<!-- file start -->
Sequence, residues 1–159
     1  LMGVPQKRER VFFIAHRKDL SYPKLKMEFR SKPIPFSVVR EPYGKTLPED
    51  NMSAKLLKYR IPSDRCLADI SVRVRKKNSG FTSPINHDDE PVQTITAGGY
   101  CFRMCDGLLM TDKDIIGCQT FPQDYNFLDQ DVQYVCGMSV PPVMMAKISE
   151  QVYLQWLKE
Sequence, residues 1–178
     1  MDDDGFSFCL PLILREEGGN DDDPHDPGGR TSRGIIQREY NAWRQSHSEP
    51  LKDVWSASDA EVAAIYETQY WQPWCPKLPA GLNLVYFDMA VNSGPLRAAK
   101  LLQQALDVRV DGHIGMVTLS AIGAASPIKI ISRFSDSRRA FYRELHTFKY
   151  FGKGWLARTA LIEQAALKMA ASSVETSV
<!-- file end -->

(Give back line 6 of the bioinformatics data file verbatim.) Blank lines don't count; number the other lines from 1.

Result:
Sequence, residues 1–178